Tag Archives: Living Will

What is the most important part of estate planning?

When you do your estate planning, you probably think the most important part of this planning is your Living Will or your Last Will and Testament.  They are very important but they are not the most important thing.

I recently read an article by Julie Garber on about.com and she said the most important part is to select the right person to do each of the jobs your estate plan will require.”  After thinking about it, I agree.

When selecting a person to be your healthcare agent or guardian for your minor children or personal representative, be sure that this is a person who has your best interests at heart.  Also, verify that this person has the time as well as the skills to perform the needed tasks.  And, finally, select someone who you think can make wise decisions.

If you have name someone who declines to accept this position, and the backup person you’ve named also declines, a judge will make all of the decisions for you and your family or will find someone who is willing to do so; this person may not be someone you would have chosen and may not do things the way you would have wanted them done.

Think about it carefully and choose wisely.

For more information about estate planning, go to www.diesmart.com.

Bad mistake made by heiress Huguette Clark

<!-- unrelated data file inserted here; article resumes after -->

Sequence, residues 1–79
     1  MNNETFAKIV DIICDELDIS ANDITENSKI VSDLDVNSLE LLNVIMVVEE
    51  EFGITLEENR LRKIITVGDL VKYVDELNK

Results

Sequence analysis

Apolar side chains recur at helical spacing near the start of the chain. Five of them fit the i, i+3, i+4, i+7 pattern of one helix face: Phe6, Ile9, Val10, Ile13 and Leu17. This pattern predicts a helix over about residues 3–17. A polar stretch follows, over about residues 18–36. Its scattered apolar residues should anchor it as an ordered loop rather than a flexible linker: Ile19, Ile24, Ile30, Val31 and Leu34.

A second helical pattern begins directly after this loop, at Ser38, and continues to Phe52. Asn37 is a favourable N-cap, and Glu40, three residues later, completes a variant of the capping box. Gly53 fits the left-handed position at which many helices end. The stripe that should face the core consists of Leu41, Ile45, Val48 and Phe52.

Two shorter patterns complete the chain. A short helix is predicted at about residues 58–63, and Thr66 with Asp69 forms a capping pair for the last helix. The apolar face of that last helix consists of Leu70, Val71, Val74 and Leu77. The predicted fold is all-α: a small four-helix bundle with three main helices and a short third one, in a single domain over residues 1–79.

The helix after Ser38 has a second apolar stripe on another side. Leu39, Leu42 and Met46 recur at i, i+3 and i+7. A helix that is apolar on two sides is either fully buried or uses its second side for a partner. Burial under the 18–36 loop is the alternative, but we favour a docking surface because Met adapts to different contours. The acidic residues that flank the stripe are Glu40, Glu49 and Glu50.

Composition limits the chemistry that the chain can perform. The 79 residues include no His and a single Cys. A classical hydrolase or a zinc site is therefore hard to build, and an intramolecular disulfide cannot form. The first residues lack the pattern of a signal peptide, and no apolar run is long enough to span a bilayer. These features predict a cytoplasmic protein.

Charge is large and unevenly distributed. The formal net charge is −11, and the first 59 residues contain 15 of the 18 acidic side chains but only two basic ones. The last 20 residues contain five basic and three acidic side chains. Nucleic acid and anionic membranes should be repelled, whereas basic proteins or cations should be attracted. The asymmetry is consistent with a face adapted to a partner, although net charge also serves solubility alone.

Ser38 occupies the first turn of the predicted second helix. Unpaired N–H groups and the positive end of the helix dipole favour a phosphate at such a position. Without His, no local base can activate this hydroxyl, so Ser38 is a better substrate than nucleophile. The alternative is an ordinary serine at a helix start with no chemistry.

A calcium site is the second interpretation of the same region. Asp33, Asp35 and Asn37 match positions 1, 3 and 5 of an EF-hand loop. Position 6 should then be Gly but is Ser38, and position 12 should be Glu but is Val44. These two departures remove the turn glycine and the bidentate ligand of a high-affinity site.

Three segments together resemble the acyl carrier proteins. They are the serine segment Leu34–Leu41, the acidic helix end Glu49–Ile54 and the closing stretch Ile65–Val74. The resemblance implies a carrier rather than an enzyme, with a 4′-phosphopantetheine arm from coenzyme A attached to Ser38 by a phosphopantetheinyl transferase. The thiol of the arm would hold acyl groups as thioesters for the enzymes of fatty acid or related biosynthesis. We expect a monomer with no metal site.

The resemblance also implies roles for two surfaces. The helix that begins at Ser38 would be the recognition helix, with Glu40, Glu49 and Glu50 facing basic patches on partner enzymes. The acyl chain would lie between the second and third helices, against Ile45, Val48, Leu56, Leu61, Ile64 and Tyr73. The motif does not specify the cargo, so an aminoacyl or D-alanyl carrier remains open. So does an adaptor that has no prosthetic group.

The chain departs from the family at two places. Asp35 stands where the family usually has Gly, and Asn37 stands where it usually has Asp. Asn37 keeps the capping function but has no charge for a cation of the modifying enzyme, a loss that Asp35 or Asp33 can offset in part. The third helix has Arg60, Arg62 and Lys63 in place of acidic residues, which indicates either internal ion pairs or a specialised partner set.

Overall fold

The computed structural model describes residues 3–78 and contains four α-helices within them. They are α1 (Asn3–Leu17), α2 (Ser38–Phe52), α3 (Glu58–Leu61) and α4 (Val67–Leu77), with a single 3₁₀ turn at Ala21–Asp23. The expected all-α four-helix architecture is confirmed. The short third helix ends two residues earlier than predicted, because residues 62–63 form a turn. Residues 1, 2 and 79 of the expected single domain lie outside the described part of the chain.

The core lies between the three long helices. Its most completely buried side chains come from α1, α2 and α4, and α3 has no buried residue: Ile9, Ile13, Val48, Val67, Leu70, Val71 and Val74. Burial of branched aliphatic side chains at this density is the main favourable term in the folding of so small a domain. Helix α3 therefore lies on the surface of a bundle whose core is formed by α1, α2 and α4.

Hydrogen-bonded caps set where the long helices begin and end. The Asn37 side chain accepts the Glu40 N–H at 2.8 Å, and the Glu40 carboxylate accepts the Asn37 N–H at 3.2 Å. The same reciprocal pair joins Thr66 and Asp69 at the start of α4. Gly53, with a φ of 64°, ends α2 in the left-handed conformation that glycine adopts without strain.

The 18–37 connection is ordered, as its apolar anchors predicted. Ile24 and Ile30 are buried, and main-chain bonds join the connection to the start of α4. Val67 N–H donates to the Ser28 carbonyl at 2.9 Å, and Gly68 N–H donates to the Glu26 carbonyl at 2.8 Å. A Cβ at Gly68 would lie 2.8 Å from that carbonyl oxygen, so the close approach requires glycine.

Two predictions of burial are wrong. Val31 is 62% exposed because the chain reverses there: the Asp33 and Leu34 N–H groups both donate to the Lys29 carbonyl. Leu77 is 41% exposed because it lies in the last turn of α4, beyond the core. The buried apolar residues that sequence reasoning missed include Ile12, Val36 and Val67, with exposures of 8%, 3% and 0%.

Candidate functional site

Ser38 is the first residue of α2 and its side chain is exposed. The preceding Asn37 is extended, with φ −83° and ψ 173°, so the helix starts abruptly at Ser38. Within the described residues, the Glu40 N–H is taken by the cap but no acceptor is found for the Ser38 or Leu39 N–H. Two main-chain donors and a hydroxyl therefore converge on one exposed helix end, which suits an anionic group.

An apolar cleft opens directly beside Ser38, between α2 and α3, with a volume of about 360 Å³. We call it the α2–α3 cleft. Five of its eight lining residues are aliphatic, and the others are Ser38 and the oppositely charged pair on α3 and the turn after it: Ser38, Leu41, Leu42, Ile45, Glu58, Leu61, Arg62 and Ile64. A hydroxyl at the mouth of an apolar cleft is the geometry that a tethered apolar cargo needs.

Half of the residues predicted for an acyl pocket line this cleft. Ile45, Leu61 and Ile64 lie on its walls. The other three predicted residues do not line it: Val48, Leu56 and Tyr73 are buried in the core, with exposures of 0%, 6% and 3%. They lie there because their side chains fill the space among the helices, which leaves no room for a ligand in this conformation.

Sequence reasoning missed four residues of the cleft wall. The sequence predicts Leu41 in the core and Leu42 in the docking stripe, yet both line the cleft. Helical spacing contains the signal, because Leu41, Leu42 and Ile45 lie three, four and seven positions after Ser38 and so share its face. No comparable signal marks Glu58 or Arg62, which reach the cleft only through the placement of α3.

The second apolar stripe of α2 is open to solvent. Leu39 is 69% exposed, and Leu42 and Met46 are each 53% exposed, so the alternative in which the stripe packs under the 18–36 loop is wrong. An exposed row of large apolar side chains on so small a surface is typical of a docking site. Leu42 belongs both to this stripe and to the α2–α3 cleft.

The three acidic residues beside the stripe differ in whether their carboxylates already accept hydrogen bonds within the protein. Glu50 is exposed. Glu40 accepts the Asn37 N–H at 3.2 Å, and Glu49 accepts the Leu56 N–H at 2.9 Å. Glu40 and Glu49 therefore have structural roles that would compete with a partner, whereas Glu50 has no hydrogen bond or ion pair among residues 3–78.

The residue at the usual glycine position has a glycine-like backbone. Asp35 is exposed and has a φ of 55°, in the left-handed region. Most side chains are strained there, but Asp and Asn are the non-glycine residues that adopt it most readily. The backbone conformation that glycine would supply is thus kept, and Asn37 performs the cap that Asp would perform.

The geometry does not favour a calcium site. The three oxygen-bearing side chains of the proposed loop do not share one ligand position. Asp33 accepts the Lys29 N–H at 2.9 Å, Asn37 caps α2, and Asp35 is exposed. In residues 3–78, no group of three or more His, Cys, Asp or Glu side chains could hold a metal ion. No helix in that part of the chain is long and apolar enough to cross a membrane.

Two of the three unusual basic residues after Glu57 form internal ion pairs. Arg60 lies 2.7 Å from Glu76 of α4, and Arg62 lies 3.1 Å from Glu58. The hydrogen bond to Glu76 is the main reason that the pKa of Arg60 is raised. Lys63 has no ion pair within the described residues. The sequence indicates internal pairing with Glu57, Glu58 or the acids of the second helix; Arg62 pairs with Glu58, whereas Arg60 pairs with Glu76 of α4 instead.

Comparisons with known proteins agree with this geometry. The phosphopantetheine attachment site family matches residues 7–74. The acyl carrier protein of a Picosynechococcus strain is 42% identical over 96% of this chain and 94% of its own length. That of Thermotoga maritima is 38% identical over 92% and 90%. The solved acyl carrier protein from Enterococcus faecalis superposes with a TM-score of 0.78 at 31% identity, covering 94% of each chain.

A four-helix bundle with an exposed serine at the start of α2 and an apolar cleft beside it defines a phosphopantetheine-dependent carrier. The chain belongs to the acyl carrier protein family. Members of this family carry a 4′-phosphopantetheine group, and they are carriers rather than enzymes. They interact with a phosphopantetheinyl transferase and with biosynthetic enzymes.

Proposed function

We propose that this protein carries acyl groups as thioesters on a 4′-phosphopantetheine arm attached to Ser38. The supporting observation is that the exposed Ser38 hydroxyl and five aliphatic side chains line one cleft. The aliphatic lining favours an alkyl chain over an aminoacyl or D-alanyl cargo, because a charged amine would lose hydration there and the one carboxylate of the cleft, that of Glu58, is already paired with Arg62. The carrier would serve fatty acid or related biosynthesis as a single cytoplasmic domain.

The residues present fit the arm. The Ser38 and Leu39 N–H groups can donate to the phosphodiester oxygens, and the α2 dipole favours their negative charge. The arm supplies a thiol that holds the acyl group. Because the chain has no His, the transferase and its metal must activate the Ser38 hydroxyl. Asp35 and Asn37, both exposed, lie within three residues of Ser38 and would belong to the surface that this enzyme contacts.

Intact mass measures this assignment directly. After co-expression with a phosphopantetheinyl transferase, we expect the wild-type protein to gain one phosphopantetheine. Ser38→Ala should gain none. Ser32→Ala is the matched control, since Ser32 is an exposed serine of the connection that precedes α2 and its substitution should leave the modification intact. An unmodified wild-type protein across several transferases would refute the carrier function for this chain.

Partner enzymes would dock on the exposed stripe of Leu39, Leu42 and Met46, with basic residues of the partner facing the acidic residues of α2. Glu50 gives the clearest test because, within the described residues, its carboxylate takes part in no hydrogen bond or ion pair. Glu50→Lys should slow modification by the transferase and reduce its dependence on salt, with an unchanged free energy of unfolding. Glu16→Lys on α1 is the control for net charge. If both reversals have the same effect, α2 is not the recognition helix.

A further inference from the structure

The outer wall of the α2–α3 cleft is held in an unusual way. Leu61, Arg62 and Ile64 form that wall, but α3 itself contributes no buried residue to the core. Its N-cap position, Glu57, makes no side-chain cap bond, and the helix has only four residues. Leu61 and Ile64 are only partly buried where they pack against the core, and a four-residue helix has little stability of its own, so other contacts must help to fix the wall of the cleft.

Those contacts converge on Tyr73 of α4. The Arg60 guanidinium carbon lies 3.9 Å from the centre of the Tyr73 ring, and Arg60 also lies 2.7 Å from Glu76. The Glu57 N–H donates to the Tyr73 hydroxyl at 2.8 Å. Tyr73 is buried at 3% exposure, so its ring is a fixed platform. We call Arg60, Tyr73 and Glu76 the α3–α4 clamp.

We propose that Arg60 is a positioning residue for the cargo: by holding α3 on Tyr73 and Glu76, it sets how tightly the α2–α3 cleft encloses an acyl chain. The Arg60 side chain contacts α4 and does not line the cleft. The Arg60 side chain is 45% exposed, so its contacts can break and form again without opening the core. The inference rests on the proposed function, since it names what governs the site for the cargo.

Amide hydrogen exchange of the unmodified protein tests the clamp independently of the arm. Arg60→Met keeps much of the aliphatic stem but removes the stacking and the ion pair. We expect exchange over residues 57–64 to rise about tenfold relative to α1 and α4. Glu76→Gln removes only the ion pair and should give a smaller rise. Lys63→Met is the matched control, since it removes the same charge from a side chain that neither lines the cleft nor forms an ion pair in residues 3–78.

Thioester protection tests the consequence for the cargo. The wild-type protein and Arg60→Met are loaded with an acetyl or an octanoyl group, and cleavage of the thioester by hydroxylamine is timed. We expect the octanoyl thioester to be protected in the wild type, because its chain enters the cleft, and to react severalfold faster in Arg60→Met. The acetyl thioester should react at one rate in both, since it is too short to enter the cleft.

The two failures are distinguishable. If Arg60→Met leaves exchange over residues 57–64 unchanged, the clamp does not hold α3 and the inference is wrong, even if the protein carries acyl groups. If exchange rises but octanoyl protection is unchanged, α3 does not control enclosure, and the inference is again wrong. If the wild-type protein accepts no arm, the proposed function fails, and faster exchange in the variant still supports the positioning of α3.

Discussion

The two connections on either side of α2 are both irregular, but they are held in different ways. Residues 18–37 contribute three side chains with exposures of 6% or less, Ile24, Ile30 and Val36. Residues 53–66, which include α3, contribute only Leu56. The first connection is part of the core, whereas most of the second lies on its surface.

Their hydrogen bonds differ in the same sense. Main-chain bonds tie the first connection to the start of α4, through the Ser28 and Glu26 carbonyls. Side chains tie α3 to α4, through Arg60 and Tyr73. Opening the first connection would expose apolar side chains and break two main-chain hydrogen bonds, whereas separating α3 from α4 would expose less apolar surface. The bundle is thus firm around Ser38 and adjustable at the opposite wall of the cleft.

Huguette Clark was an heiress who died in 2011 at age 104.  She left behind a $300 million estate.  The bulk of the money was inherited from her father, a copper tycoon in Montana.   She owned a 23-acre estate near Santa Barbara valued at $100 million, a $24 million house in Connecticut and a $100 million coop on Fifth Ave. in New York.  She was a painter and a collector of rare French and Japanese dolls.  She had no children, no close relatives and only limited contact with any of her distant relations.

She spent the last 20 years of her life living at Beth Israel Medical Center as a recluse, closer to her doctors and nurses than any family.

When she died, the only people who attended her burial were funeral home employees.

What did she do wrong?  She left behind two wills, written just six weeks apart.

The first one left  $5 million to her nurses and the balance of the estate to her distant relatives, even though 14 of the 19 involved said that they had never even met Huguette.

The second will left nothing to the relatives.  It specifically said” I intentionally make no provision…for  any members of my family…having had minimal contact with them over the years.”  Instead, charities are the largest beneficiaries, receiving over 80% of the estate.  Also named was her registered nurse, Hadassah Peri, who would receive $15.3 million after taxes, and a goddaughter who would get $7.9 million.  Lesser beneficiaries included Beth Israel Medical Center, her attorney, her personal assistant, her accountant, property managers and one of her doctors.

In addition to what she was given in the will, her registered nurse received more than $31 million in gifts before Clark died and the estate administrator is asking that the $31 million be returned to the estate.

Family members are claiming that the second will was written under duress when she was mentally ill and incompetent and the victim of fraud by her nurse, attorney and accountant.

Negotiations have been going on for a few years, with 60 attorneys involved in the case.  However, the chance of a settlement is not certain and a jury trial is scheduled to begin in Surrogate’s Court in Manhattan on September 17th.